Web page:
"The sentence is inaccurate. The assertion is misleading. And it is important.

Issued from a judge to California's attorneys and Professor Spitzer,  the statement is a severe slap-down. Judges do not like to be lied to. Expert witnesses have witness immunity from civil lawsuit. Perjury charges are are seldom issued in an area where the expert may claim a difference of interpretation.  It is unusual for a judge to notice and comment on such error. However, this is Judge Benitez. He has become expert on the history of Second Amendment related statutes from the time because of the numerous cases he has presided over.  He does his homework.

Another slap-down happens on page 19. Professor Spitzer makes another claim which Judge Benitez corrects. From page 19:

Here is another example of the State’s departure from precision in its briefing. The State writes: Defendant identified several state laws, in addition to the municipal regulations that banned possession of billy clubs.See Dkt. 60-1 at [74] (1866 New York law), [136] (1881 llinois law), [160] (1885 New York law); see also Dkt. 60-2 at [230] (1911 New York law), [233] (1913 New York law), [234] (1915 North Dakota law), [236, 237] (1917 California laws).53The parties may read this discussion as overly-pedantic. But for this case, it is important to know if there are historical state laws that banned possession of a billy club like California Penal Code § 22210 bans possession of a billy club. Unfortunately, the examples cited are not simple possession bans. The State cites the 1866 New York law54[74], but that statute did not prohibit simple possession. The New York law prohibited concealing or furtively possessing a billy while using, attempting to use, or intending to use a billy against another person. Next, the State cites an 1881 Illinois law55 [136], but that statute did not mention a billy. Three more iterations of New York’s law (1885 [160], 1911 [230], 1913 [233]) are listed next,56 but like the predecessor statute, these versions still regulated using and concealing as opposed to simple possession of a billy. Finishing up the list of examples given by the State, is a 1915 North Dakota law57 [234]. However, the North Dakota law applied to concealing, rather than simple possession, and expressly permitted possession “ to effect a lawful and legitimate purpose.”58 To sum up, based on the State’s own excerpts of historical statutes (provided by State expert Professor Spitzer and attached to his declaration), of the seven state laws the State claims “banned the possession of billy clubs,” only one did—California’s own 1917 statute.59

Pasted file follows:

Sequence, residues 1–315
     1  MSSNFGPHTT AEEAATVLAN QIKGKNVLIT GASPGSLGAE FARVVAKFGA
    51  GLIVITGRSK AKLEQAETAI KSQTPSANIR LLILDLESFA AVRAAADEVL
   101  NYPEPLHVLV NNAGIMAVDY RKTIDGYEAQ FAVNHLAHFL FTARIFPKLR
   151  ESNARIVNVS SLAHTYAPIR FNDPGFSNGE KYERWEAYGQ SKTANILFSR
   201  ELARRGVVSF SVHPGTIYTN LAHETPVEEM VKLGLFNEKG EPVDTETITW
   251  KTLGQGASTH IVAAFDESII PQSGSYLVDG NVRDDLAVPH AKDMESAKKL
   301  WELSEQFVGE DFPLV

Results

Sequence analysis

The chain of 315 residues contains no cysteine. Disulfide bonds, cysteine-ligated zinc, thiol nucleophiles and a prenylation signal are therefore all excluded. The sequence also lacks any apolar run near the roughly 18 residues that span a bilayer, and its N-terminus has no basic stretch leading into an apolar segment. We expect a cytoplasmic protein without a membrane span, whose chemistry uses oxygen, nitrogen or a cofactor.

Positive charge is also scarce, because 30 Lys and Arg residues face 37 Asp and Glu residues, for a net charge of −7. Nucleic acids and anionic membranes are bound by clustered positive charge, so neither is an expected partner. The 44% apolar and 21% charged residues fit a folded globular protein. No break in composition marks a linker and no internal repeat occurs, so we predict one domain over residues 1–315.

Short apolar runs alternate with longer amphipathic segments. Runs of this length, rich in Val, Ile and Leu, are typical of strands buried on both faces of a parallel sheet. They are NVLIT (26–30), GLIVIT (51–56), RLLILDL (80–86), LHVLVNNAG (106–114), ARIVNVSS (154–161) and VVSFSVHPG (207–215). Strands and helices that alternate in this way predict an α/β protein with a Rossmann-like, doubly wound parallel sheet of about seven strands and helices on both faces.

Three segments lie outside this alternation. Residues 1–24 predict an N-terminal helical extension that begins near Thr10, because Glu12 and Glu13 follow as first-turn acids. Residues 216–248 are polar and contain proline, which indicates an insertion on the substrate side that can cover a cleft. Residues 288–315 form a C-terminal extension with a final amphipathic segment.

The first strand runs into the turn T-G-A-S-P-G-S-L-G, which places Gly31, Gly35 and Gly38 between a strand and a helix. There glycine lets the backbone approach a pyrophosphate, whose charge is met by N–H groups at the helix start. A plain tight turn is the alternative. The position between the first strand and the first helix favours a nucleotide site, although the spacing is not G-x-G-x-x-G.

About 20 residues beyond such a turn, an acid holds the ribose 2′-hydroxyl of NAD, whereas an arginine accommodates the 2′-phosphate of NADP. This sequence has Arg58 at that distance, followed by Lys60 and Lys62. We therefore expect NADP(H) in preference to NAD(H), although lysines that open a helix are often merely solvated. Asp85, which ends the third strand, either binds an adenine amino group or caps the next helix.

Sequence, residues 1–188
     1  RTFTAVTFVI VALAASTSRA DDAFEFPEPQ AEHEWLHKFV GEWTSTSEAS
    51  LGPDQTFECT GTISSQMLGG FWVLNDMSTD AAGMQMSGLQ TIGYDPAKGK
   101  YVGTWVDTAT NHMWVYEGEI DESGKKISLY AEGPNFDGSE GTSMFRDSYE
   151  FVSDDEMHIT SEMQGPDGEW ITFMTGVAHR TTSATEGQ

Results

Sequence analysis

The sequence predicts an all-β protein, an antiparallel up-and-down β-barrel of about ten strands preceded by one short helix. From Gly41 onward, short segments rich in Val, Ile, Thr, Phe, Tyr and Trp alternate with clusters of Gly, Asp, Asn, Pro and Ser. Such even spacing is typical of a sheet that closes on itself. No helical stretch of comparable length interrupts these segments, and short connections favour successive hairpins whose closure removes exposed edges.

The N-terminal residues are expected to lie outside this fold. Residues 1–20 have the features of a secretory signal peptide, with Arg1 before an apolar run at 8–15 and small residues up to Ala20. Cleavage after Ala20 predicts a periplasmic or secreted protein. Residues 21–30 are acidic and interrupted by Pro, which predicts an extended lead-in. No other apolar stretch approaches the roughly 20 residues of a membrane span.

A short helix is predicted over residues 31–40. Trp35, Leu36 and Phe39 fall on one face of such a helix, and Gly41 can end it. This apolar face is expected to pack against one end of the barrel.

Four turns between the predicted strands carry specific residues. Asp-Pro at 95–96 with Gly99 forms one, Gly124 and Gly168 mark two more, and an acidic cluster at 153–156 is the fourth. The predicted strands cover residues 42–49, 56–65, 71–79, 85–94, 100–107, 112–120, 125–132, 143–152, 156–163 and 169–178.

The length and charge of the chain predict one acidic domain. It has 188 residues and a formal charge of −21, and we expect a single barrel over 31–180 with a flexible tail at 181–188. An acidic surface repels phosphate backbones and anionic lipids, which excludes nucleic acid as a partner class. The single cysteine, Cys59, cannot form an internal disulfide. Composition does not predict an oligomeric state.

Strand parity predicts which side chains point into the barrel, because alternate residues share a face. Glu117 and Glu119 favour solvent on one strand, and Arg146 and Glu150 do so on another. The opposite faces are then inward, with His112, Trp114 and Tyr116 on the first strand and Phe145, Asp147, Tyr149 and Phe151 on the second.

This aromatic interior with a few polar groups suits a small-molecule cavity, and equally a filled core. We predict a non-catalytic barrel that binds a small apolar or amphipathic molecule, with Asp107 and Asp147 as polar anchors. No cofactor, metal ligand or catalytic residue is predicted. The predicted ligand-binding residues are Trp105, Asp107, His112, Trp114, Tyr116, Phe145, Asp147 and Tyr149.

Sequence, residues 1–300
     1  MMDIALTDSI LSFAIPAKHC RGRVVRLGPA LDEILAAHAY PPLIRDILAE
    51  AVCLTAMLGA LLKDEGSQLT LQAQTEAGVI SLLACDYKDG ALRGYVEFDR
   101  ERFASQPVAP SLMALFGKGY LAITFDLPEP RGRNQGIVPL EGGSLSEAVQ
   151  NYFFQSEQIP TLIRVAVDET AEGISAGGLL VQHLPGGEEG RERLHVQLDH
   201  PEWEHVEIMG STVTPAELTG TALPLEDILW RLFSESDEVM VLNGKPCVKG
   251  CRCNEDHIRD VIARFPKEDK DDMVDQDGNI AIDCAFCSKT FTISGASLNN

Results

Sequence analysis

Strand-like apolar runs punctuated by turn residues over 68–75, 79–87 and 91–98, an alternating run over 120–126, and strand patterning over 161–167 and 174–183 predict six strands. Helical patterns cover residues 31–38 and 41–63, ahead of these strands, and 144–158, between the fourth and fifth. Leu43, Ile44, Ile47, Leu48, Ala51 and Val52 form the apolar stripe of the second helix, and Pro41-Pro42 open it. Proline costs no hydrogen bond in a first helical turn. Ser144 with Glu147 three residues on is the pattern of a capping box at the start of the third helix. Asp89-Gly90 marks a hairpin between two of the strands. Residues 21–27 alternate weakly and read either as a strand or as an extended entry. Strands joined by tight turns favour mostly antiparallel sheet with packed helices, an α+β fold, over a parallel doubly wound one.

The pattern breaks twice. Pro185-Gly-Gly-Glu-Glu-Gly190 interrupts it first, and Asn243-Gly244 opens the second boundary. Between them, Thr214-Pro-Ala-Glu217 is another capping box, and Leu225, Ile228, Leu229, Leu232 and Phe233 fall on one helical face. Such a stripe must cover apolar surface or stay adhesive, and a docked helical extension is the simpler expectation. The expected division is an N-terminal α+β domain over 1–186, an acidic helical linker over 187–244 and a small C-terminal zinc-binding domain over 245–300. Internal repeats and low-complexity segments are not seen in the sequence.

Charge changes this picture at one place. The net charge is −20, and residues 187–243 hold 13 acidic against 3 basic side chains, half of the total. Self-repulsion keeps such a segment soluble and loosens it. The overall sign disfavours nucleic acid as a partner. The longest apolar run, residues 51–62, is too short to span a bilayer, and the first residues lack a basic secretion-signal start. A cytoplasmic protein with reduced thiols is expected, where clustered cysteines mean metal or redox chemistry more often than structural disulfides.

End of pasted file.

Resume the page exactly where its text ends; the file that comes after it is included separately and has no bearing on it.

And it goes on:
"To sum up, based on the State’s own excerpts of historical statutes (provided by State expert Professor Spitzer and attached to his declaration), of the seven state laws the State claims “banned the possession of billy clubs,” only one did—California’s own 1917 statute."